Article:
Also, the chemical reactions in water play a minor role in influencing the blood heart vessels, in spite of main factors not be specified yet (Montgomery, 1985). More than 80% world diseases were linked with water deficiency (WHO, 1971).

The change in water quality of Neogene aquifer in the recent years created some concern for its re-evaluation especially for the Ain Umm Sabah natural spring for irrigation, drinking and other purposes. The aim of the study was to determine and evaluate the hydrochemical processes of water of Ain Umm Sabah natural spring and its suitability for irrigation and drinking purposes.

MATERIALS AND METHODS

A total of 10 water well samples were collected from five different locations of the basin of Ain Umm Sabah natural spring during 2006-2007. The pH and EC of water were measured instantly at the time of sample collection. The water samples were collected in sterile plastic bottles, acidified with pure nitric acid, stored in an ice box and transported to the analytical laboratory for chemical analysis. Each sample was filtered through 0.45 mm pore size filter paper, then divided into three portions, (1) for cation analysis, (2) for anion determinations and (3) for some minor and trace elements. The analytical methods used for the determination of cations and anions were those described in USDA (1954) and Page (1982) and shown in Table 1.

Table 1:
Analytical methods used to determine cations and anions in the study

The ratio of sodium to other major cations (Ca, Mg, K) is important to maintain soil structure and determine Na ion toxicity to plants. Because plants are sensitive to sodium when its concentration in irrigation waters exceeds the permissible limits for normal plant growth. To assess the magnitude of Na on soil exchange complex, sodium hazard is usually expressed in terms of Sodium Adsorption Ratio (SAR). The SAR was calculated by the following equation (Rogers and Lydon, 1994). The concentration of sodium, magnesium and calcium ions in Eq. 1 is me L-1 (Wilcox, 1955).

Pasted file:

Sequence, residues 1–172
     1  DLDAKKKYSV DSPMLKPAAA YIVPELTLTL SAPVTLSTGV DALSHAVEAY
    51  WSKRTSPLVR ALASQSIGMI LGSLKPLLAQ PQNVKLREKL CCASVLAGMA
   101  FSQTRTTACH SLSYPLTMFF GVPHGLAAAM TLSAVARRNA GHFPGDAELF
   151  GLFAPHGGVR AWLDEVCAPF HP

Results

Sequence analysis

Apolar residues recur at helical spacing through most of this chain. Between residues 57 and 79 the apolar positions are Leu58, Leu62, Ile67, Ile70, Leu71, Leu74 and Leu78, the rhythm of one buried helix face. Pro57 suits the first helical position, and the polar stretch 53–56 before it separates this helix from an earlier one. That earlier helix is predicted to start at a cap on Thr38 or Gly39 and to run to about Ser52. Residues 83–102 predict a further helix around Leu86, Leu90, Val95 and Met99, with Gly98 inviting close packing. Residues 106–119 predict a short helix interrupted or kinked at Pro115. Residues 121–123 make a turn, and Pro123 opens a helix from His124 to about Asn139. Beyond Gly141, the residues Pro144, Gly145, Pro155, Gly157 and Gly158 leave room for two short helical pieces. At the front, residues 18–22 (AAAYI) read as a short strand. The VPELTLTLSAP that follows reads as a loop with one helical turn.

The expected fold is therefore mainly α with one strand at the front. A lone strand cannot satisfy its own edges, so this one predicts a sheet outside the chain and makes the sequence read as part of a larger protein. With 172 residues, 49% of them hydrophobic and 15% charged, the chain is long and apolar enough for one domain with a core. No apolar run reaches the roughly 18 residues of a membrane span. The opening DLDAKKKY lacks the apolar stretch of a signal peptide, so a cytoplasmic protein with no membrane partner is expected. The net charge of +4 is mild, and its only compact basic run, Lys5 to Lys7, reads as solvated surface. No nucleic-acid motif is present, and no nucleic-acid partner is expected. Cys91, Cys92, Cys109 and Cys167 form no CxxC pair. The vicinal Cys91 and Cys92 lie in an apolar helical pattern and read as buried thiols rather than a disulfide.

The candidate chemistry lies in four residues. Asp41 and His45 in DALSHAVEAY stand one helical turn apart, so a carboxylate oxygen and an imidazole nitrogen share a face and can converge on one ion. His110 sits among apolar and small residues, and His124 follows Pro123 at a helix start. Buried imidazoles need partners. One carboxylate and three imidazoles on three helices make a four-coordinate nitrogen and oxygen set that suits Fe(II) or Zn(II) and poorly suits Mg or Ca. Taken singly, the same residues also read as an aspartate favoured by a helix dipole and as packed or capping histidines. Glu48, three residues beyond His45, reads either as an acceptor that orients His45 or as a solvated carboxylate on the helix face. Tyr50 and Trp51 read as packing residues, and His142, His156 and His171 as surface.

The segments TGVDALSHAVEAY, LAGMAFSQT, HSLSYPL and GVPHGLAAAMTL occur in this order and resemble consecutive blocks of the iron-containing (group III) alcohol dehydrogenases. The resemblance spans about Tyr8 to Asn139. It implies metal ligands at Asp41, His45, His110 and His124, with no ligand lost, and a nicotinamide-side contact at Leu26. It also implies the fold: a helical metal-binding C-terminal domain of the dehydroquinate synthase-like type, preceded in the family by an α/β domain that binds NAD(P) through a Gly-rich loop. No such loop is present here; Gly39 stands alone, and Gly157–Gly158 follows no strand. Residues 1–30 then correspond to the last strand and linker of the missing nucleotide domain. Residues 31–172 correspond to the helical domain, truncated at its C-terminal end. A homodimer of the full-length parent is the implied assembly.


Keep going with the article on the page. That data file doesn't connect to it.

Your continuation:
(1)

The sodium adsorption percentage was determined by the following equation.


(2)

The cation exchange phenomenon occurs when the ions absorbed on the surface of the soil particle differ from those present in the soil solution. This phenomenon continues until an equilibrium is reached between the cations on the mineral surface and those in the water (Rump and Krist, 1992). The appropriate method for assessing the exchangeable sodium in the Ain Umm Sabah aquifer is to determine the Exchangeable Sodium Percentage (ESP) values on the basis of the SAR of water using the following empirical relationship between the SAR of water and the ESP (USDA, 1954):

(3)

Trace and heavy metals were analyzed using Inductively Coupled Plasma, ICP (Moselhy et al., 1978), while Arsenic and Selenium were determined using Activation Technique Neutron (Reeves and Brooks, 1978) and (Morgan and Ehmann, 1971). Fluoride (F) and the nitrate (NO3) groups were determined Spectrophotometrically utilizing the disulphonic acid and alizarin red-S with the Zirconium-Oxychloride Reagent.